Factors Predicting Psychiatric Disorders Among Children with ASD: Analysis from the 2016 National Survey of Children’s Health

Poster Presentation
Thursday, May 2, 2019: 11:30 AM-1:30 PM
Room: 710 (Palais des congres de Montreal)
A. Karpur1 and T. W. Frazier2, (1)Autism Speaks, Princeton, NJ, (2)Autism Speaks, New York, NY
Background: As many as 70% of children with Autism Spectrum Disorders (ASD) have co-occurring psychiatric conditions (Simonoff et al., 2008). In addition to being associated with conditions such as Attention Deficit Hyperactivity Disorders (Gordon-Lipkin et al., 2018), contextual characteristics such as access to high quality health insurance, parental stress, and exposure to adverse childhood exposures may be related to higher prevalence of co-occurring psychiatric conditions among children with ASD.

Objectives: The current study examined association between key contextual factors with co-occurring psychiatric conditions among children with ASD using a national survey data.

Methods: The 2016 National Survey of Children’s Health data was utilized to examine the prevalence of co-occurring psychiatric conditions (i.e., diagnosis of anxiety, depression, and other behavior disorders) among children with ASD with Intellectual or Developmental Disability (ASD + IDD; N = 207), ASD only (N = 1043), other disabilities (N = 10,205), and children without disabilities (N = 38,690). Using weighted logistic regression models, the contributions of contextual factors such as access to health care, financial burden of care, and parental socio-economic status were examined along with individual characteristics such of children – i.e., disability classification (ASD+IDD/ASD only/Other disabilities/No disabilities), age group, race/ethnicity, co-occurring neurological conditions (e.g., ADHD, epilepsy, Tourette’s syndrome, Downs syndrome, speech or other language disorders), and presence of functional limitations (e.g., problems with breathing, eating and digesting food, physical pain, dental problems, etc.). Changes in model-based tjur-rsquared values were calculated to understand contribution of contextual factors in explaining variations in the outcome variable while retaining individual characteristics.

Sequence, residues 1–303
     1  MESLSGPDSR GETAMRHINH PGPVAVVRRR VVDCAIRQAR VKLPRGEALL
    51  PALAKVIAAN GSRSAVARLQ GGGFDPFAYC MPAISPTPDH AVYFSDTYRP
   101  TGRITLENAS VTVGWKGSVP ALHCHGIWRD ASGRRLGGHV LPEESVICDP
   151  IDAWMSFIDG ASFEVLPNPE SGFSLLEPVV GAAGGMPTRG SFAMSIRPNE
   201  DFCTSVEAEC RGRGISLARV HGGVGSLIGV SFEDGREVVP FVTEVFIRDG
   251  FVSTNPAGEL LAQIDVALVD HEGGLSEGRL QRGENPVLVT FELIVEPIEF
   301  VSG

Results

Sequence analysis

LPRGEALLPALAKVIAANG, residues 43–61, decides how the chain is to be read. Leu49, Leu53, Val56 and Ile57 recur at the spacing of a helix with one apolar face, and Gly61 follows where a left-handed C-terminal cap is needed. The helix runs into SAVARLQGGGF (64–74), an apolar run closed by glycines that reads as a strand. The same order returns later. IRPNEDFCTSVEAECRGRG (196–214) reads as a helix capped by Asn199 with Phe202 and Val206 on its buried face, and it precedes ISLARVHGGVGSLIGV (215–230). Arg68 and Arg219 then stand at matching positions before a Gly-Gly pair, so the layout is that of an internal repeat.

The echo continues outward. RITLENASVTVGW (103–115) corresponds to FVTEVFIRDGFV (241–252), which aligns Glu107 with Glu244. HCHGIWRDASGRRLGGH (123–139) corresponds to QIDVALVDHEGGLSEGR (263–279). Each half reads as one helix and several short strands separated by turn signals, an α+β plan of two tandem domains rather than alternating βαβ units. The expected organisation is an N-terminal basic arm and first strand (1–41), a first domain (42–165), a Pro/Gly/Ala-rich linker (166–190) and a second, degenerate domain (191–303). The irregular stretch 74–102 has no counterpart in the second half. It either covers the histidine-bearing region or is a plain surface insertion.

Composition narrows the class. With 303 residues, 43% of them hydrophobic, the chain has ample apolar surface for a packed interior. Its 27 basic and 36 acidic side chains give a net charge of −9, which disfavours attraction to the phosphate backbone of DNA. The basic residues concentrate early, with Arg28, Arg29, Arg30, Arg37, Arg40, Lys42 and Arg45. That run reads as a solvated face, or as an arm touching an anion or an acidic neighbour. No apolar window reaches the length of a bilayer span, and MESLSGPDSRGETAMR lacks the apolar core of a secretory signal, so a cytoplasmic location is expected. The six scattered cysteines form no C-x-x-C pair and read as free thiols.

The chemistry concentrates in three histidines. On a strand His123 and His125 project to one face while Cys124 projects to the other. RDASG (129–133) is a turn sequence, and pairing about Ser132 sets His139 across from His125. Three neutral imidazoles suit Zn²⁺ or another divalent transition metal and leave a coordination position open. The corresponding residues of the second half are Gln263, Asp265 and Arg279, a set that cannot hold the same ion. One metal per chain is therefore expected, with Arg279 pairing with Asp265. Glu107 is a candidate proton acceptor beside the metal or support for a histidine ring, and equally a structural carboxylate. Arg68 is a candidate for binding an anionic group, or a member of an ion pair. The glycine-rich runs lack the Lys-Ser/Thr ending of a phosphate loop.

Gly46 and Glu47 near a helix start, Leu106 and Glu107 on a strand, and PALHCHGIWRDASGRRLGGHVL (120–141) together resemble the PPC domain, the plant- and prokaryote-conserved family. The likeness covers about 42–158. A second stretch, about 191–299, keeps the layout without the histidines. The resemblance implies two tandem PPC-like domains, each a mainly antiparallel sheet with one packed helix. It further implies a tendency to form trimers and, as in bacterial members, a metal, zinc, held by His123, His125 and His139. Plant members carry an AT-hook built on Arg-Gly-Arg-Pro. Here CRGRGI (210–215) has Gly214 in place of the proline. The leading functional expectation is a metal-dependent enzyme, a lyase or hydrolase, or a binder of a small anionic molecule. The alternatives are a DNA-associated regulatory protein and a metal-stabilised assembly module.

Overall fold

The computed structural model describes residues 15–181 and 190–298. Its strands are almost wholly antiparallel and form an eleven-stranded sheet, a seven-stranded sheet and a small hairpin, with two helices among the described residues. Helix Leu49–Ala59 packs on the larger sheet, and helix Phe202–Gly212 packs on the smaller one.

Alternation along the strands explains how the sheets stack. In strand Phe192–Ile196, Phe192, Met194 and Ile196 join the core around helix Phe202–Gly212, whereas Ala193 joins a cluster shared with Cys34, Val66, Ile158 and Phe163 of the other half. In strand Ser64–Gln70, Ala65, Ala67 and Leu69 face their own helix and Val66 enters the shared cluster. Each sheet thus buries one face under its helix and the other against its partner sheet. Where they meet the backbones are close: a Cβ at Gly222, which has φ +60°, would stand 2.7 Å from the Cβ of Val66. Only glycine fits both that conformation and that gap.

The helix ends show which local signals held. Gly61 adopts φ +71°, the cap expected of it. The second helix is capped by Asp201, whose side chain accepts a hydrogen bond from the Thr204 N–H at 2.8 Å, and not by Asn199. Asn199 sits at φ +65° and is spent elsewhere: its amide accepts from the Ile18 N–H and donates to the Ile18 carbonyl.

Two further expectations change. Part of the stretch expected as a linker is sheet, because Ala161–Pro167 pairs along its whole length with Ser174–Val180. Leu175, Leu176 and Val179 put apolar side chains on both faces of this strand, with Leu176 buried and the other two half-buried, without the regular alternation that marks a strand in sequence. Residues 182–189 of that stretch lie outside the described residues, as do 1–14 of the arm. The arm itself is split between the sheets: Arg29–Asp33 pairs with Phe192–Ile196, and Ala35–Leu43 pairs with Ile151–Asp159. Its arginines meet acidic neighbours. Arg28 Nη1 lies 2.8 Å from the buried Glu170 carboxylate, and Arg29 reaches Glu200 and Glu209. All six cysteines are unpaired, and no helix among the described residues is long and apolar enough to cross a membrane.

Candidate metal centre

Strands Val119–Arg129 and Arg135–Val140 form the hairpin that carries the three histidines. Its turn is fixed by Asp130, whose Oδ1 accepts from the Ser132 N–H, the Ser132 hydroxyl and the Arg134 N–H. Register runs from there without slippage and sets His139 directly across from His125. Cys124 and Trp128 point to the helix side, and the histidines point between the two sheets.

Children with ASD + IDD had highest frequency of co-occurring psychiatric diagnosis (88.8%), followed by children with ASD only (69.0%), children with other disabilities (40.3%), and children without disabilities (5.4%). Based on the multivariate model, compared to children without disabilities, children with ASD + IDD were 8 times more likely (OR = 7.9; 95% CI: 3.1 – 20.1); children with ASD only were 6.5 times more likely (OR = 6.5; 95% CI: 4.4 – 9.5); and children with other disabilities were 3 times more likely (OR = 2.6; 95% CI: 2.1 – 3.4) to have co-occurring psychiatric diagnosis. Children having high out-of-pocket payment for clinical services, those with low-quality health insurance plans, those facing financial difficulty in paying medical bills, whose parents reporting higher stress of care giving, and those exposed to adverse childhood experiences are likely to have higher prevalence of psychiatric conditions. The contextual factors explain an additional 52% of variation in outcome variables when compared to a model with only individual characteristics defined by disability classifications, co-occurring neurological conditions, functional limitations, age, race/ethnicity, and number of other children with disabilities in households.


Contextual factors predict substantial variations in prevalence of co-occurring psychiatric conditions among children with ASD, even beyond other individual characteristics and co-occurring neurological conditions. These findings highlight their potential in clinical, program, and policy recommendations to impact prevalence and/or burden of co-occurring psychiatric conditions in children with ASD.